By Jennifer Walden
Director Robert Eggers’ The Lighthouse tells the tale of two lighthouse keepers, Thomas Wake (Willem Dafoe) and Ephraim Winslow (Robert Pattinson), who lose their minds while isolated on a small rocky island, battered by storms, plagued by seagulls and haunted by supernatural forces/delusion-inducing conditions. It’s an A24 film that hit theaters in late October.
Much like his first feature-length film The Witch (winner of the 2015 Sundance Film Festival Directing Award for a dramatic film and the 2017 Independent Spirit Award for Best First Feature), The Lighthouse is a tense and haunting slow descent into madness.
But “unlike most films where the crazy ramps up, reaching a fever pitch and then subsiding or resolving, in The Lighthouse the crazy ramps up to a fever pitch and then stays there for the next hour,” explains Emmy-winning supervising sound editor/re-recording mixer Damian Volpe. “It’s like you’re stuck with them, they’re stuck with each other and we’re all stuck on this rock in the middle of the ocean with no escape.”
Volpe, who’s worked with director Eggers on two short films — The Tell-Tale Heart and Brothers — thought he had a good idea of just how intense the film and post sound process would be going into The Lighthouse, but it ended up exceeding his expectations. “It was definitely the most difficult job I’ve done in over two decades of working in post sound for sure. It was really intense and amazing,” he says.
Eggers chose Harbor’s New York City location for both sound and final color. This was colorist Joe Gawler’s first time working with Eggers, but it couldn’t have been a more fitting film. The Lighthouse was shot on 35mm black & white (Double-X 5222) film with a 1.19:1 aspect ratio, and as it happens Gawler is well versed in the world of black & white. He’s remastered a tremendous amount of classic movie titles for The Criterion Collection, such as Breathless, Seventh Samurai and several Fellini films like 8 ½. “To take that experience from my Criterion title work and apply that to giving authenticity to a contemporary film that feels really old, I think it was really helpful,” Gawler says.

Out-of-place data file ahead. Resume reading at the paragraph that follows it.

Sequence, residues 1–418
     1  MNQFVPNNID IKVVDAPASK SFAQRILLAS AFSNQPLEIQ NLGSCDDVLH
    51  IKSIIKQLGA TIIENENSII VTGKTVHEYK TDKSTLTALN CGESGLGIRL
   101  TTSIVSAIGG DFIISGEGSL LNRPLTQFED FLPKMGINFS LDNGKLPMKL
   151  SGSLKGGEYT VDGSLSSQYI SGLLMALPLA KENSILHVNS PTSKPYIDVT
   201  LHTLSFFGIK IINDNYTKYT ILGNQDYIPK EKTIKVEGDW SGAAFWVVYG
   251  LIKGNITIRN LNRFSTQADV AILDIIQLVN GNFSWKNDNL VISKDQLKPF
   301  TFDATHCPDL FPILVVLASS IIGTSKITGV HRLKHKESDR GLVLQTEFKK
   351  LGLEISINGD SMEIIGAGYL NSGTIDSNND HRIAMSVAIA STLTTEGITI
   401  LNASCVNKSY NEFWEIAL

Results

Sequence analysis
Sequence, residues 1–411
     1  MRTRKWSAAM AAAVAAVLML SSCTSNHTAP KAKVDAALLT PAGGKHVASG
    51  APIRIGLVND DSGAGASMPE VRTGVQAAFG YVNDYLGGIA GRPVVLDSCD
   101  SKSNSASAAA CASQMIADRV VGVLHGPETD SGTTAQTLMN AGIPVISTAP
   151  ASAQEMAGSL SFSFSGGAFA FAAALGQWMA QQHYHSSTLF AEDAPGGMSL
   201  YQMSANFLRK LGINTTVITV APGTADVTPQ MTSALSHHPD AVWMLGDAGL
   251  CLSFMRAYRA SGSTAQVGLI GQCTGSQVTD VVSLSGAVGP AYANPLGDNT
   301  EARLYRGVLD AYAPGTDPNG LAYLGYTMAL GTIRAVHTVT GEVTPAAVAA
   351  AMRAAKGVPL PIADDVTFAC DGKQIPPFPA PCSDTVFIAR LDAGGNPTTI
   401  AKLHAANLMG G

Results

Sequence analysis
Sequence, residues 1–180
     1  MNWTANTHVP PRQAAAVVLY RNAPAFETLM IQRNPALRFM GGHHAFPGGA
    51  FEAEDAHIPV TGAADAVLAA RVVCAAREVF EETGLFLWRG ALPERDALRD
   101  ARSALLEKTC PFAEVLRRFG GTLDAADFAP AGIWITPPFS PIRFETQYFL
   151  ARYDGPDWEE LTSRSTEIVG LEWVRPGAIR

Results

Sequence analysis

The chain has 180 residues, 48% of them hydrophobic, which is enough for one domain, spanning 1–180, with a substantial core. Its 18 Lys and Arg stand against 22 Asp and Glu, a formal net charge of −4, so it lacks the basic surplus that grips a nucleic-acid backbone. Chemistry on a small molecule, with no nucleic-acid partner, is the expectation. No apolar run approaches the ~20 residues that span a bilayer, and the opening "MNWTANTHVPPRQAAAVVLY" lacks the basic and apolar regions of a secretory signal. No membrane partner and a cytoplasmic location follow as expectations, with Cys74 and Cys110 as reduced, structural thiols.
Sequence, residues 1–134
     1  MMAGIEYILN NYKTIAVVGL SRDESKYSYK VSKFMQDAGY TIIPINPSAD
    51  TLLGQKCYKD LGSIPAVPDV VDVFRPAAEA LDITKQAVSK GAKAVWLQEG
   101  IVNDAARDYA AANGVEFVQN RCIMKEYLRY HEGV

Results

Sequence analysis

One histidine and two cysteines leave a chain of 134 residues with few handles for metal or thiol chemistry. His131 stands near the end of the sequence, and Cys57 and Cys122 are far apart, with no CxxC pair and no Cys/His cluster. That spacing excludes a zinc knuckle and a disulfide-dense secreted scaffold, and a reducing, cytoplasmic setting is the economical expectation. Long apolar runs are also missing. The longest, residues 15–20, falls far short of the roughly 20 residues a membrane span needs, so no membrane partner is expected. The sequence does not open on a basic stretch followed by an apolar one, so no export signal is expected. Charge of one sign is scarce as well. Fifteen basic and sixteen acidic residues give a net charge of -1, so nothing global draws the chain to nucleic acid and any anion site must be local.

The advantage of shooting on film versus shooting digitally is that film negatives can be rescanned as technology advances, making it possible to take a film from the ‘60s and remaster it into 4K resolution. “When you shoot something digitally, you’re stuck in the state-of-the-moment technology. If you were shooting digitally 10 years ago and want to create a new deliverable of your film and reimagine it with today’s display technologies, you are compromised in some ways. You’re having to up-res that material. But if you take a 35mm film negative shot 100 years ago, the resolution is still inside that negative. You can rescan it with a new scanner and it’s going to look amazing,” explains Gawler.
While most of The Lighthouse was shot on black & white film (with Baltar lenses designed in the 1930s for that extra dose of authenticity), there were a few stock footage shots of the ocean with big storm waves and some digitally rendered elements, such as the smoke, that had to be color corrected and processed to match the rich, grainy quality of the film. “Those stock footage shots we had to beat up to make them feel more aged. We added a whole bunch of grain into those and the digital elements so they felt seamless with the rest of the film,” says Gawler.
The digitally rendered elements were separate VFX pieces composited into the black & white film image using Blackmagic’s DaVinci Resolve. “Conforming the movie in Resolve gave us the flexibility to have multiple layers and allowed us to punch through one layer to see more or less of another layer,” says Gawler. For example, to get just that right amount of smoke, “we layered the VFX smoke element on top of the smokestack in the film and reduced the opacity of the VFX layer until we found the level that Rob and DP Jarin Blaschke were happy with.”
In terms of color, Gawler notes The Lighthouse was all about exposure and contrast. The spectrum of gray rarely goes to true white and the blacks are as inky as they can be. “Jarin didn’t want to maintain texture in the blackest areas, so we really crushed those blacks down. We took a look at the scopes and made sure we were bottoming out so that the blacks were pure black.”